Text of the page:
In the two hours preceding thecollision Impactor was basically on its own, as wasthe Flyby spaceship, Yeomans explained earlier in theday. Within that time period, Impactor performedthree course corrections. Impactor's first targetingmaneuver, or course correction, was a 21.5-second burn that occurred about 90minutes prior to impact.
"As soon as the first [trajectorymaneuver] went off on the Impactor and it workedfine the confidence just went sky high," Deep Impact's deputy project managerKuyer Patel told SPACE.com."We had a full spacecraft that had just been released on its own 24 hoursago and it had three sets of thrusters on it, one for attitude control and onefor maneuvers. All of that got checked out right after its release so this wasthe only unknown left, so as soon as that firsttrajectory change happened, everyone was just confident at that point."
The second course correction took place about35 minutes prior to impact and the final at 12-and-a-half minutes.
"It takes 7/ ? minutes for thesignal to get back to Earth, so you can't joystick this thing," Yeoman said."You have to rely on the fact that the Impactor is asmart spacecraft as is the Flyby spacecraft. So you have to build in theintelligence ahead of time and let it do its thing."
For mission managers, thespacecraft's automated controls worked perfectly. Such success will be repeatedin the future, Yeomans said.
"This isn't the first time auto-navigationwas used," Yeomans explained. "It was actually aback-up system for the Deep Space 1 mission that flew past Comet Borrelly back in 2001. That was a checkout for a back-upsystem that was not relied upon, but now, of course, we are indeed relying onit. So that's a new wrinkle for this mission."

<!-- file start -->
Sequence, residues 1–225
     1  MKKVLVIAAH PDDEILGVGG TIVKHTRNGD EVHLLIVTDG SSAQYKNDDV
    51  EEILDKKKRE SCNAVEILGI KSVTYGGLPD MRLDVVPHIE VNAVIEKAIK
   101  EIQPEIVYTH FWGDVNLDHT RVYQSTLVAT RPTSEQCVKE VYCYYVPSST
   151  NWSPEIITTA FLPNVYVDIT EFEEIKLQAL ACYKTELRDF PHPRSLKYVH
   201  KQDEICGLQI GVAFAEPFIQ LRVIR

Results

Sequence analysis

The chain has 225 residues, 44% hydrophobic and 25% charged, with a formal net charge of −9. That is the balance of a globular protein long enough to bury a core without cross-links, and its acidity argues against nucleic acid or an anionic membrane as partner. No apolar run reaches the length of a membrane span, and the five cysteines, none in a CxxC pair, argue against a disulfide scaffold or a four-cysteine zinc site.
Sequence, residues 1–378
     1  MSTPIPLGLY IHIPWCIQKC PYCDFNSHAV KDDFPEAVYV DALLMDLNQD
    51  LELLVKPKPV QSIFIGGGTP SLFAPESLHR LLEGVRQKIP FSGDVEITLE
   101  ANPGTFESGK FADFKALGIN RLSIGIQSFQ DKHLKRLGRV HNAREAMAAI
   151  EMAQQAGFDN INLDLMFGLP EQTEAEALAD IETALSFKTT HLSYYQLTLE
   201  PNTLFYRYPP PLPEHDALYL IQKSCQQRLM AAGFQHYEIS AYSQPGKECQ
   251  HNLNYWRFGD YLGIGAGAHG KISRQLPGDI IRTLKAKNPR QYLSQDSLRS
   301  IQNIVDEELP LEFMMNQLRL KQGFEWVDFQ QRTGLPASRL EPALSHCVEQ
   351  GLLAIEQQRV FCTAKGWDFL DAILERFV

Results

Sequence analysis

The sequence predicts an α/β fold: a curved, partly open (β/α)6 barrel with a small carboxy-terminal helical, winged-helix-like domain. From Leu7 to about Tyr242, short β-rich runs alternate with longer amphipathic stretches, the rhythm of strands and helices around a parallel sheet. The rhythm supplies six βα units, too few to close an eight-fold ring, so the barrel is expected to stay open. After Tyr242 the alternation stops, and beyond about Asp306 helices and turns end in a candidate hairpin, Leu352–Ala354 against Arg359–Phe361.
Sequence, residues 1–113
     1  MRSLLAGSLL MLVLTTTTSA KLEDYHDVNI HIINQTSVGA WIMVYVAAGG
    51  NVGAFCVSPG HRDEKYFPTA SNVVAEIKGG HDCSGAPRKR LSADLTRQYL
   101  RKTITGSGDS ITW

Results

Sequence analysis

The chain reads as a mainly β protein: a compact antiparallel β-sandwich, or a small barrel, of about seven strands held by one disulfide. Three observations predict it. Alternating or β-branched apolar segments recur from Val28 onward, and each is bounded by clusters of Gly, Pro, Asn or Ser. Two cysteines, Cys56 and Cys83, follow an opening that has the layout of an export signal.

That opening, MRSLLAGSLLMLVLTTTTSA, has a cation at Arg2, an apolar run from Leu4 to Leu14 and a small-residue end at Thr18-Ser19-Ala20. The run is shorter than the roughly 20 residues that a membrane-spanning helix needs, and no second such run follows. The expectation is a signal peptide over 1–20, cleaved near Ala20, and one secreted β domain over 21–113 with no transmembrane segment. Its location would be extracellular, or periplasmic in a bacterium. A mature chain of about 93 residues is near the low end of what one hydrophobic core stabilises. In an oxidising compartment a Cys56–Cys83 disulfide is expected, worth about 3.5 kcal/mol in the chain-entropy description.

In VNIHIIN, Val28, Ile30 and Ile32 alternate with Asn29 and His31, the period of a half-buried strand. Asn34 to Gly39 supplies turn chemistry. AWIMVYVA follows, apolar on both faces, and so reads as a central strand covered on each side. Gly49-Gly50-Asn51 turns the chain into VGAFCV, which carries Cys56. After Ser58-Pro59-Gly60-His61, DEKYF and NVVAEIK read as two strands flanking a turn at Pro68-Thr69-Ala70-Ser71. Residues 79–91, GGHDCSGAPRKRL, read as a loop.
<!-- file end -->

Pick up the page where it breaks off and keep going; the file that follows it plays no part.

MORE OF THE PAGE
Also, Deep Impact's use of opticalnavigation is something NASA has relied on for years.
"By using the onboard telescopesystem to prove our knowledge of where the comet is not new," said Yeomans. "But it builds on what has been done in the lastseveral years in terms of 'smart' spacecraft. That is a trend, of course, toget this small army of navigators on the ground down to where it is now just ahandful of folks."
Yeomans said he believed that it would takeabout 12 hours from impact to download all of the events images.
"But it will take months, evenyears, before all the science is even squeezed out of the data," said Yeomans. "Within the first six months the highlights willbe published, but there will be analyses going on for quite some time. It's notjust the spacecraft that is observing this comet. Chandra has observing in theX-ray spectrum. Spitzer will be observing in the infrared. Hubble will beobserving in the visible."
Yeomans hoped that the success of DeepImpact would lead to more ambitious missions. "The next step is to actuallyrendezvous with a comet, orbit it, and then land anddo surface analysis," Yoemans said. "Which is what the Europeans expect to do with the Rosettaspacecraft in 2014."
Ultimately, Yeomanssaid that the most ambitious mission would be to land on a comet, take a sampleand return it for study in Earth-based laboratories. "There have been proposalsto do just that. Nothing funded," Yoemans said. "Butwe're thinking that way."
SPACE.com Senior Space WriterLeonard David contributed to this story from Boulder, Colorado.Staff Writer Tariq Malik contributed to this story from New York City.
- Deep Impact: Viewer's Guide and Mission News